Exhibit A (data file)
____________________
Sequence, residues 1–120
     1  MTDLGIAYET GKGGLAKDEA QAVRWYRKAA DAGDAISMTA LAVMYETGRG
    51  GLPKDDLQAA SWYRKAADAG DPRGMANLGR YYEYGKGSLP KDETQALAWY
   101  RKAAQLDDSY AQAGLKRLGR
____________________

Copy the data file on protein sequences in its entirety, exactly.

Sequence, residues 1–120
     1  MTDLGIAYET GKGGLAKDEA QAVRWYRKAA DAGDAISMTA LAVMYETGRG
    51  GLPKDDLQAA SWYRKAADAG DPRGMANLGR YYEYGKGSLP KDETQALAWY
   101  RKAAQLDDSY AQAGLKRLGR